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Is there any way to use dotenv with Bitbucket Pipelines? Edited

As the title says, is there any way to use dotenv with Bitbucket Pipelines for CI purposes, while still adding the (perhaps multiple) `(.stage).env` to .gitignore?

I know Pipeline supports environment variables, and that they can be referenced in bitbucket-pipelines.yml, but I can't figure out how to use `dotenv` files instead, and vary which file to use based on i.e. branch patterns.

For example, I'd like commits to `develop` to use `.test.env` variables, while commits to `master` instead uses the variables from `.prod.env`.

Perhaps I'm going down the wrong path? Although other websites use examples of multiple `.env` files, the library authors discourage that approach. I'm using Zeit Now for hosting, so I can't just SSH a `.env` file onto the server.

Any advice is very welcome :-)

(also asked on SO, see here for points)

2 answers

1 accepted

2 votes
Answer accepted
Graham Gatus Atlassian Team Aug 30, 2018

Short of storing multiple environment files inside your repository, I like the approach mentioned in the stack overflow response of using a base64 encoded environment variables to store each file.

You could configure multiple environment variables containing the base64 encoded .env file, one per environment. The current branch is exposed via the 'BITBUCKET_BRANCH' variable, so you could use that in combination with the per environment .env variables.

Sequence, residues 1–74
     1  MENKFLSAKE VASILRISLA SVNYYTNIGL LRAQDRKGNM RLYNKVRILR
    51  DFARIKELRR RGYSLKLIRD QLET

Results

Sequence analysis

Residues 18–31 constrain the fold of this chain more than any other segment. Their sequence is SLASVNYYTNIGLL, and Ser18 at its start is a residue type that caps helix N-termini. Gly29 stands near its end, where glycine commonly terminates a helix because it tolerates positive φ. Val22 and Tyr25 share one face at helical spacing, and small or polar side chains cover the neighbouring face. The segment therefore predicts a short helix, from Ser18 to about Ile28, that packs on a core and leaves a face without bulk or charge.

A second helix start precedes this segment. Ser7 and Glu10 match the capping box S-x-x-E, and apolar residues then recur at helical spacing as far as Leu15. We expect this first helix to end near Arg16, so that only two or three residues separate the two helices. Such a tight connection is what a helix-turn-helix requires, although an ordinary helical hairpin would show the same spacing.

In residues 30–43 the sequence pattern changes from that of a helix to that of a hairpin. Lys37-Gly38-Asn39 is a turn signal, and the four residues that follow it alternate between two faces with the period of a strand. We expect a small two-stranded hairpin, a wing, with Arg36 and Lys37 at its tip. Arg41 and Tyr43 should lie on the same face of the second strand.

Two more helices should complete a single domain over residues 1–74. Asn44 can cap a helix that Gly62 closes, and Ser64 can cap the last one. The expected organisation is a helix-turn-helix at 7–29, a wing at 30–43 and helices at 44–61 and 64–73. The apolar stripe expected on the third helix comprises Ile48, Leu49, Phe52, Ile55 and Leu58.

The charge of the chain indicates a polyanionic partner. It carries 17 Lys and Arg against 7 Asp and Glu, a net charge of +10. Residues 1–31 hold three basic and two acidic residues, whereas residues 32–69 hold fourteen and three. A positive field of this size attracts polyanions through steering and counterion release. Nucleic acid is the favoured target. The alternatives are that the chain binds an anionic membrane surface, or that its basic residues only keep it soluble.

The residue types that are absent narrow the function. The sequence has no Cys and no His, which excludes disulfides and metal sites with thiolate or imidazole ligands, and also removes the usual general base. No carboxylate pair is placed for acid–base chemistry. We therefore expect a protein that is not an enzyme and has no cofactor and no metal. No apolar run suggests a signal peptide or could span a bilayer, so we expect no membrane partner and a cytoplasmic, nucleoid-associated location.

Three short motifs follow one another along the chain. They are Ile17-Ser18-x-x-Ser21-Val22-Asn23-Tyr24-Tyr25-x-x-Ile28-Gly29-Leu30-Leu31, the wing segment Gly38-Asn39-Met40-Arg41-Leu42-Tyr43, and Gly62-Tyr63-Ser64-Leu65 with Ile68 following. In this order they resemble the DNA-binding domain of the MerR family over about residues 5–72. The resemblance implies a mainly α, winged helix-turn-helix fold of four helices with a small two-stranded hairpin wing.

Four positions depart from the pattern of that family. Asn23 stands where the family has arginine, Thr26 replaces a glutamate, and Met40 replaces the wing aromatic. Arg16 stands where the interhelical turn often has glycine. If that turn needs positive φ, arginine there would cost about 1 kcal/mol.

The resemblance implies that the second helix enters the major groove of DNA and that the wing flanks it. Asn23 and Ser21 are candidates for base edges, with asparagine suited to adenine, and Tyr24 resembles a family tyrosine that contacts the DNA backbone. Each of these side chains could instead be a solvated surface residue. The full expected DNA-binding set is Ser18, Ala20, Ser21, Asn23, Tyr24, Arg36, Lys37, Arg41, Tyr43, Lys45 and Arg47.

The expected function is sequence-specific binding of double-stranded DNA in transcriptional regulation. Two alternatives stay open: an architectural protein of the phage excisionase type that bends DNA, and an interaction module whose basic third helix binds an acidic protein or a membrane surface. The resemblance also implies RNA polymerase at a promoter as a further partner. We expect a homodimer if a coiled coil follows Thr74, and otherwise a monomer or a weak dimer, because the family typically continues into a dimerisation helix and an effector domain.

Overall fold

Alternatively, storing the .env files in a separate git repo would also work - you could then clone the repo as part of your pipeline, and select the correct .env file to use based on BITBUCKET_BRANCH.

Correct me if I am wrong but if you encode the .env files (base64), each time you want to change it like adding a new KEY=VALUE, you will need to encode the file again and store it again.

This approach looks like unfriendly and time consuming.

The other suggestion requires you to maintain 2 repositories for instead of 1 which is also complicate things.

Do you have another suggestion that is both user-friendly and simple?

Like # people like this

Security always comes at the cost of convenience @TimorKalerman  :-) I find the base64 way to be the most sensible and easy enough to work with.

Hi @jmbrandheroes 

I think the typical setup would be to use `.env` files as a convenience for your local environment. However on a CI server / build container you wouldn't want your `.env` file to sit around (dont take my word). Instead you could use some mechanism your cloud provider exposes to pass variables. Depends on your vendor, but if it is plain node it could look like `MY_VAR=$MY_VAR node myscript.js`. And if that gets too verbose you could do this is your pipelines.yml:

- $MY_VAR_GROUP node myscript.js

Valid, but impractical for more than a handful of secrets IMO. 

And no, you don't want your .env file in neither the repo nor the CI server, but a base64 encoded string representation of it as a container variable is, in my opinion, both a safe and pretty easy way of doing it. 

Like Eugene Avila likes this

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